11 Rules for Eating in Italy

by Chris Atwood

If you’re lucky enough to dine with Italians on your trip to Italy, the topic will sooner or later turn to food. After all, Italy boasts a proud culinary culture. You’ll hear mythic tales about nonna’s suppers — feasts filled with…

Fresh baked focaccia
Slow Sunday sauces
Handmade pasta

Dining in Italy can delight your taste buds. Heck, food is a BIG reason why so many folks want to consider Italy travel.

Italian Dining Etiquette: The Do’s & Don’ts of Italian Food Rules

But, understanding the etiquette of eating in Italy can be hard. First-time travelers to Italy might wonder:

Will Italian waiters fill my glass with water?
Should I order every course at the Italian restaurant?
Why isn’t my favorite Italian dish on the menu in Italy?

Food Rules for Eating like a Local in Italy

To ease your edible enjoyment, See Italy has developed 11 Food Rules for Eating in Italy. You can familiarize yourself with the unspoken Italian food rules before traveling to Italy:

Italian Food Rule #1:

Pasta portions are individual sized in Italy

Italian restaurants are known for mountains of spaghetti. Not so much in Italy. Pasta —considered a first course or primo — is individually sized here. The restaurant isn’t stingy.

It’s just that Italians tend to prefer to stagger their courses as a food rule of thumb in Italian cuisine.

Italians first nibble on appetizers (antipasti), pasta, and then an entrée. Keeping pasta dishes, a manageable size lets Italians eat multiple courses without feeling stuffed immediately.

It slows down dinner. The upside? You’ll have plenty of room for tiramisù for dessert!

A small bowl of rigatoni covered in cheese and tomato sauce

Italian Food Rule #2:

Pizza toppings are different in Italy

Pizza originated in Italy, but in the U.S. it took on a life of its own – inspiring bbq chicken pizza recipe, Hawaiian pizza, and pepperoni pizza. Traditional pizzas in Italy include:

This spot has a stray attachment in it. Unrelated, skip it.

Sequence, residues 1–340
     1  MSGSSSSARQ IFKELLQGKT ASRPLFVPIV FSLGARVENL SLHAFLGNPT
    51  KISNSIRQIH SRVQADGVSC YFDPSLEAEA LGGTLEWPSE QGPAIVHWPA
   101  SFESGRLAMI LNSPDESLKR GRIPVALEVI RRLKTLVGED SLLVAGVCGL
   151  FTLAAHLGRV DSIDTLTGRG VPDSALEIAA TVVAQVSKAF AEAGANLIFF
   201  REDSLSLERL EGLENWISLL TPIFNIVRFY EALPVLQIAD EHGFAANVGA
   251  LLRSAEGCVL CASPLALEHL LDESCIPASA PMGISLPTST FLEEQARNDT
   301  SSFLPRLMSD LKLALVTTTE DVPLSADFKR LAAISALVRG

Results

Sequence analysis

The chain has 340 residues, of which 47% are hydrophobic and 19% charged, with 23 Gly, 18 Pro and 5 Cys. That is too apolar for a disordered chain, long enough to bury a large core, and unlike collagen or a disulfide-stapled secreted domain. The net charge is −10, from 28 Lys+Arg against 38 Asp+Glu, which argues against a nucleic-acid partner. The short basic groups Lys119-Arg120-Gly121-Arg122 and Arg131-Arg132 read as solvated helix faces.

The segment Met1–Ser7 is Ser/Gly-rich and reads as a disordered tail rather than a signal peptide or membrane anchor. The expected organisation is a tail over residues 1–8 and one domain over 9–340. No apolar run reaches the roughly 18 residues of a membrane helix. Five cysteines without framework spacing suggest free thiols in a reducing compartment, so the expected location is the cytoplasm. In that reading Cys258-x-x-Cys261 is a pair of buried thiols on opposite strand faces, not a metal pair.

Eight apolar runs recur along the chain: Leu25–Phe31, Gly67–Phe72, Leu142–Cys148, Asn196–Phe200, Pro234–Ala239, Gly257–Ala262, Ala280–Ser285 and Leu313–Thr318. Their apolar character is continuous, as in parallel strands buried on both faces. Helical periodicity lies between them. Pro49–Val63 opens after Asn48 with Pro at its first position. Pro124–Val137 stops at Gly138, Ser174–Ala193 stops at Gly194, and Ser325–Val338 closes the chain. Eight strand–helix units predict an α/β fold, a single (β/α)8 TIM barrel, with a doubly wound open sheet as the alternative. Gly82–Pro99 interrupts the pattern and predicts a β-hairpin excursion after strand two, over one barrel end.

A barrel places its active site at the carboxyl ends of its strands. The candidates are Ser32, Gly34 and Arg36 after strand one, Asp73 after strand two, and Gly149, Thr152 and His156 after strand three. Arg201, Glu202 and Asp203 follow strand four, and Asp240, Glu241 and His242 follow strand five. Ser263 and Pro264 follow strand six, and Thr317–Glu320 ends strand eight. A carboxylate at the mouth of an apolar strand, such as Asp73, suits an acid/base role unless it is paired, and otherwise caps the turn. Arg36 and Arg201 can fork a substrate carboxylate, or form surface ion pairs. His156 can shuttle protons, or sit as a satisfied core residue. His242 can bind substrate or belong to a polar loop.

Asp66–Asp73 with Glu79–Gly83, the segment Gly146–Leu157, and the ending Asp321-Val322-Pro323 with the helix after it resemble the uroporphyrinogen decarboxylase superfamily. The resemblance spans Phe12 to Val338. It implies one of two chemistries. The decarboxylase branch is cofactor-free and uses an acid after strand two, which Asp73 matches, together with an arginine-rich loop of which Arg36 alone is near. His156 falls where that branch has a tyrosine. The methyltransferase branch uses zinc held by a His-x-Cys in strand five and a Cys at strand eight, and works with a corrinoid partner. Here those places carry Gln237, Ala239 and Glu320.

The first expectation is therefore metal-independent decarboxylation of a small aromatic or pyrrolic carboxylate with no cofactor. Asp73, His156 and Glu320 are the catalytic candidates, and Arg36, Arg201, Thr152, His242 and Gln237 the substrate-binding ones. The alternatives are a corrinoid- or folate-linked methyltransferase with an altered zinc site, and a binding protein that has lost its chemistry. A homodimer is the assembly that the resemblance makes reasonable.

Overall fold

• Margherita (mozzarella, tomato, basil)
  • Marinara (just crust and tomato sauce)
  • Quattro formaggi (white pizza with four types of cheese)
  • Capricciosa (artichokes, ham, mushrooms, and black olives).

Keep in mind that pepperoni in Italian means ‘bell peppers.’ Ordering a “pepperoni pizza” will only get you a pie covered in peppers; however, it will still have that delicious pizza crust!

A small rustic pizza topped with sauce, cheese, mushrooms

Italian Food Rule #3:

You don’t need to order every course at an Italian restaurant

Italians stagger how they eat—slowly savoring in a sequential way, dishes like—:

  • Antipasti (appetizers)
  • Primi (pasta/risotto/soup)
  • Secondi (meat or fish)
  • Contorni (sides, often vegetables)
  • Dolci (dessert).

As a result, you’ll never see a chicken entrée served on the same plate as your pasta in Italy. Italians consider them two separate dishes — with the pasta always served before the meat course. Insider tip: share some antipasti and then order either pasta or a secondo when in Italy. If you’re still hungry after, you can always order more.

A hand written menu full of various options

Italian Food Rule #4:

Drink water or wine at a sit-down restaurant

At sit-down restaurants in Italy, Italians typically limit themselves to one of two drinks: acqua (water) and vino (wine). Water in Italy usually arrives at your restaurant table in chilled glass bottles, which you’ll pay for. (Mineral water typically costs just a few euros per water bottle). Your waiter in Italy may ask if you prefer:

  • acqua naturale (still mineral water)


  • acqua frizzante (fizzy carbonated mineral water)


Some restaurants may refuse if you ask for tap water and no carbonated water, either. House wines can be ordered by the liter and are often priced the same as water (Italy, we love you)! Most restaurants also have “riserva” (reserve) wines available by the bottle.

Short glasses of red wine on a rustic table with a basket of bread

Italian Food Rule #5:

Oil and vinegar are the only “Italian” salad dressings you’ll find

Funnily enough, “Italian salad dressing” doesn’t exist in Italy. That’s right; it’s a purely American invention. When you’re served salad (insalata) in Italy, your server will bring you extra-virgin olive oil and some kind of vinegar— called olio e aceto in Italian.

This duo is the only way Italians dress their side dish. On a related note, Italians never dip bread in olive oil and balsamic!

Tall bottles of oil and vinegar in a thin stainless steel holder on the table in a restaurant

Italian Food Rule #6:

No bread before the pasta

Pizza. Pasta. Focaccia. With foods like these, it’s easy to assume that Italians do nothing but consume carbs. In Italy, though, Italians aren’t exactly gluten gluttons.

When ordering pasta, Italians never eat bread before their bucatini. Instead, bread is used to scoop up the leftover sauce on your plate only when you’ve finished your pasta.

A thinly slice of toasted Italian baguette soaking up some pasta sauce of a white plate

Want to taste the real Italy for yourself? Click the button below to view our suggestions for finding Authentic Italian Carbonara in Rome!

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